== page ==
Amiri Baraka's Revolutionary Theater: Dutchman
Dutchman was all but condemned during its initial debut in Los Angeles. The LAPD even tried to arrest the actors for some nuance of indecent exposure. Bringing this work back to an LA stage with dignity and reverence is only right, and hyperrelevent after a film like Get Out offered a more streamlined pulp iteration of some of Dutchman’s messages. It’s important to remember the ideologies that help us get out; ideologies Amiri’s work expresses explicitly, so that we don’t just rile ourselves into the running-in-circles panic that the US seems to be caught in today, immobilized by the mounting hysteria and awareness of our condition with no mode of release from it, no strategy. Our production of Dutchman will re-introduce Los Angeles to Amiri Baraka, a literary and cultural hero whose characters can teach us how to unravel some of the knots in ourselves. We will continue to re-imagine what it means to worship revolution, and what the immediacy of Revolutionary Theatre can help shift in the consciousness of a society addicted to dreams encrypted and deferred.
Our production of Amiri Baraka’s Dutchman will be staged as a read-through with jazz and sound archival accompaniment, exploring this work as a collectively improvised ensemble situated in and expanded by the tradition of the music Amiri loved the most.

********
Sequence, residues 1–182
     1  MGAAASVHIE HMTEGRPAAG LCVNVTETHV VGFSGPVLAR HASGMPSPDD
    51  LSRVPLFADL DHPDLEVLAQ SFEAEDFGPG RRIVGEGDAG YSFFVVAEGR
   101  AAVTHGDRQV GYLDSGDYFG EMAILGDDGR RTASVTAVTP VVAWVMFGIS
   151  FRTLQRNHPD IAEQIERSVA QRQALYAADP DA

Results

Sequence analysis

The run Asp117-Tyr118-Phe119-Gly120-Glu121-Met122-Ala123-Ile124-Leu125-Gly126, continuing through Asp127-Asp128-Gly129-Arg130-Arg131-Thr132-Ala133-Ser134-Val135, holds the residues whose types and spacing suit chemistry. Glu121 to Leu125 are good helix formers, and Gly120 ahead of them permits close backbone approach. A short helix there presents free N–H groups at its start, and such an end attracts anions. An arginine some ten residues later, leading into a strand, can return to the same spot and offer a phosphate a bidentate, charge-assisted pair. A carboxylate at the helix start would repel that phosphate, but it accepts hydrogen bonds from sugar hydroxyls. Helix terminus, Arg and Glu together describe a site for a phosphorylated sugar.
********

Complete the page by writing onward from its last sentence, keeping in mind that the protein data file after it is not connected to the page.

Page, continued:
Amiri Baraka (LeRoi Jones) was born in 1934 in the industrial city of Newark, New Jersey. After attending Howard University in Washington, D. C., he served in the United States Air Force. In the late fifties he settled in New York’s Greenwich Village where he was a central figure of that bohemian scene. He became nationally prominent in 1964, with the New York production of his Obie Award-winning play, Dutchman. After the death of Malcolm X he became a Black Nationalist, moving first to Harlem and then back home to Newark. In the mid-1970s, abandoning Cultural Nationalist, he became a Third World Marxist-Leninist. In 1999, after teaching for twenty years in the Department of Africana Studies at SUNY-Stony Brook, he retired. He stayed active and productive as an artist and intellectual until his death in 2014.
Harmony Holiday is a writer, dancer, archivist, myth scientist, and the author of Hollywood Forever (Fence Books, 2017), Go Find Your Father: A Famous Blues (Ricochet Editions, 2014) and Negro League Baseball (Fence Books, 2011). Her upcoming books include A Jazz Funeral for Uncle Tom (Birds LLC, 2019), and Maafa and Reparations (Fence Books, 2019).
Still from Dutchman (1966) by Anthony Harvey